Paris security fears played down as Australia reveals Olympics uniform with 100 days to go

<span>The Australian Olympic Committee has marked 100 days to go until the Paris Games by revealing the team’s official uniform.</span><span>Photograph: Matt King/Getty Images</span>
The Australian Olympic Committee has marked 100 days to go until the Paris Games by revealing the team’s official uniform.Photograph: Matt King/Getty Images

Australia’s chef de mission for the Paris Olympics, Anna Meares, has played down security fears, as her team’s preparations entered the final straight with 100 days to go before the Games are declared open.

On Wednesday, the Australian Olympic Committee (AOC) unveiled the team’s official uniform, which will be worn by athletes travelling on a flotilla of barges down the Seine as part of an elaborate and unconventional opening ceremony on 26 July.

Related: Paris Olympics opening ceremony could move if threat detected, says Macron

Security fears have been raised over the prospect of a 300,000-strong crowd watching from the river’s banks, and earlier this week the French president, Emmanuel Macron, said the event could be moved to the Stade de France in the north of the city if there was a threat of a terrorist attack.

After the Bondi Junction attack and an alleged church stabbing in Sydney over the weekend, concern over public safety is heightened on home soil, but Meares said while putting on an Olympic Games was “an enormous undertaking”, she had faith in the organisers’ ability to keep athletes and fans in Paris safe.

“Whilst security is at the forefront of our planning and it’s a major priority for us, we trust that the organising committee and the French government will do a good job in providing a safe and secure Games,” Meares said.

“We are able to update our athletes as we get updates as well. That’s definitely the first question that gets asked.”

Meares said it was important for athletes and staff to remain as flexible and adaptable as possible.

“We saw a great example of that with Tokyo in 2020 – the ability to be able to adapt, given any circumstance that happens,” she said.

“Best laid plans are always good to have but we’re adaptable and we’re prepared to move with that and that’s part of being resilient and part of being in high performance.”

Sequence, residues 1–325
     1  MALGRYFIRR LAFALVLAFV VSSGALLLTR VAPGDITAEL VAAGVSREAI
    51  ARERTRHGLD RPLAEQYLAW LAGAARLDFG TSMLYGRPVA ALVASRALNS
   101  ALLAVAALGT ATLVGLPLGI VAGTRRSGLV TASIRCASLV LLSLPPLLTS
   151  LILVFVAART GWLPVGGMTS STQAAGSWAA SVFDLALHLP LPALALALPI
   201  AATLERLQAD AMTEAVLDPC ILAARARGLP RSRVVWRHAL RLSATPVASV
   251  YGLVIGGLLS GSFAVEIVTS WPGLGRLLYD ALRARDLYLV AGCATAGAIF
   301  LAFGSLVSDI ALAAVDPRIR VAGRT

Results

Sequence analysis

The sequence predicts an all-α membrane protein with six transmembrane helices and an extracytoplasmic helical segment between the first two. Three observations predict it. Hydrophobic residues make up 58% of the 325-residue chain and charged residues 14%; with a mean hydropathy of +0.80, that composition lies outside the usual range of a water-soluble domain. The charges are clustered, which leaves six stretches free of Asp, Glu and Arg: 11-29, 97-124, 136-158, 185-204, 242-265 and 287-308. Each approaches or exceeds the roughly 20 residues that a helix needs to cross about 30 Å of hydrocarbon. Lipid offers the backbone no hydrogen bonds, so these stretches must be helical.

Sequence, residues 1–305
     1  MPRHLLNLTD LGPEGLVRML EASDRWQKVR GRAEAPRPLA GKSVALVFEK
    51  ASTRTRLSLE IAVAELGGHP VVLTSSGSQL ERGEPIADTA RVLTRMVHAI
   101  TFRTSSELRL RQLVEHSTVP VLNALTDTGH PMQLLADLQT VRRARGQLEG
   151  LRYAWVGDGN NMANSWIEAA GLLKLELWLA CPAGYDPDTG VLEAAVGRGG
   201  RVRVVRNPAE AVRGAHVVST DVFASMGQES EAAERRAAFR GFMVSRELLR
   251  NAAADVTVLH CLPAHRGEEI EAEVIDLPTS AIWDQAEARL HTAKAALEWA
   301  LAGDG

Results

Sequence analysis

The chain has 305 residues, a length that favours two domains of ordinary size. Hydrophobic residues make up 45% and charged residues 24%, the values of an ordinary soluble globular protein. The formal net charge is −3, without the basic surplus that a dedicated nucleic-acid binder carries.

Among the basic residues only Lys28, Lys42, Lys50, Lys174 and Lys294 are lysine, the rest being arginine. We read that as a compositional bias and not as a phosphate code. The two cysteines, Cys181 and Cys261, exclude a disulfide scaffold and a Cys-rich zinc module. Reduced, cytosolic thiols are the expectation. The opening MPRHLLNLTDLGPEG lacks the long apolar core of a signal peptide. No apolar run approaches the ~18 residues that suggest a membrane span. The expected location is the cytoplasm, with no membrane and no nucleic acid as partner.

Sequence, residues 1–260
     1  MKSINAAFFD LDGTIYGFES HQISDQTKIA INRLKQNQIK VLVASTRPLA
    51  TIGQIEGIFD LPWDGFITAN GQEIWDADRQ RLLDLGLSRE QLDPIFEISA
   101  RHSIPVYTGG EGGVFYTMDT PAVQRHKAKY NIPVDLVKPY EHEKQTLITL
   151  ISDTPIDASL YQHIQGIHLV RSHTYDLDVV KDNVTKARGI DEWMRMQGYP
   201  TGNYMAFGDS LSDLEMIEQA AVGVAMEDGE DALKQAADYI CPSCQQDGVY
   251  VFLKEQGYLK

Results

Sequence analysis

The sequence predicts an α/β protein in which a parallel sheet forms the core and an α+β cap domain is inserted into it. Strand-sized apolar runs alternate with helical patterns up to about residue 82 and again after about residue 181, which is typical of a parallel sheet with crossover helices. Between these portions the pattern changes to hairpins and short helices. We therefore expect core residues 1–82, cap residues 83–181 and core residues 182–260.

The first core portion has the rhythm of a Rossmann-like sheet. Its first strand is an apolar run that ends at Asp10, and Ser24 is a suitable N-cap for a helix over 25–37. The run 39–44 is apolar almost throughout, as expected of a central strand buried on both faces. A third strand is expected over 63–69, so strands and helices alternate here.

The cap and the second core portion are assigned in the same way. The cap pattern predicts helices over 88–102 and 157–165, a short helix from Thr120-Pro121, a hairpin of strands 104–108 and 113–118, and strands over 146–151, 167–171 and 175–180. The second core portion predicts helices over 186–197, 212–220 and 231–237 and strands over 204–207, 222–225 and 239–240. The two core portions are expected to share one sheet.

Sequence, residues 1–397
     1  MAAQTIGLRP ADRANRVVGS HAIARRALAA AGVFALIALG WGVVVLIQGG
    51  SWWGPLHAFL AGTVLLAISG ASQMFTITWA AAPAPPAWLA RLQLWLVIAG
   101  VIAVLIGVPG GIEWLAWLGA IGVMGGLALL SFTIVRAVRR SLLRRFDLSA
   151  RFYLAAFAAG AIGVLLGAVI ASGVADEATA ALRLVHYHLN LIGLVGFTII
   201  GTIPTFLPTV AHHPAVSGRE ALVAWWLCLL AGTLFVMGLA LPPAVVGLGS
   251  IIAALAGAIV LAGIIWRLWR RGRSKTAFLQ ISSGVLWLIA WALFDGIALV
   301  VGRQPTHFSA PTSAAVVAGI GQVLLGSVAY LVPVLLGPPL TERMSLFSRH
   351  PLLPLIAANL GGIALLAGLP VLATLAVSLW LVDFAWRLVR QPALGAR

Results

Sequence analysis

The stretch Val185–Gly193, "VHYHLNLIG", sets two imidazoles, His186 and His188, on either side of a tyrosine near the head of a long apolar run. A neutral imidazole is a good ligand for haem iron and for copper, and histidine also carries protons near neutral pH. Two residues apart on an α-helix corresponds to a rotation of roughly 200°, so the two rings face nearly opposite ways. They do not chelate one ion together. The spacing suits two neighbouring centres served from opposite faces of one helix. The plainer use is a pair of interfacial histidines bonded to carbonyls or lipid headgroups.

Fifty-five athletes have already qualified to represent Australia in Paris, and that number is expected to grow rapidly as the Games approach. Meares put a final total between 460 and 480, but the exact number would be decided by the individual sporting organisations.

Those that do book their tickets to Paris will wear a uniform “inspired by the unmistakable essence of Paris, with fashion at the forefront”, according to an AOC press release.

The opening ceremony blazer, described as the “hero piece” of the collection, includes the Australian Olympians oath on the inside pocket, with the names of all 301 Australian Olympic champions throughout the jacket lining.

The outfits also feature artwork by Indigenous boxer Paul Fleming and Torres Strait Island artist David Bosun.

Also on the 100-day milestone, Australia was predicted to have its most successful Olympics for 20 years. Gracenote, which compiles a virtual medal table by using results data from key global and continental competitions since the Tokyo Olympics, put Australia fifth for Paris with a total of 50 medals – 13 gold, 19 silver and 18 bronze.

Asked what metrics Australian performances would be measured against this year, given the AOC’s move away from fixed medal targets, Meares said she was keeping an open mind.

“What I really like is our swimming head coach’s line on this one – ‘we’ll take as many medals as we can win.’ Why put a limitation on it?”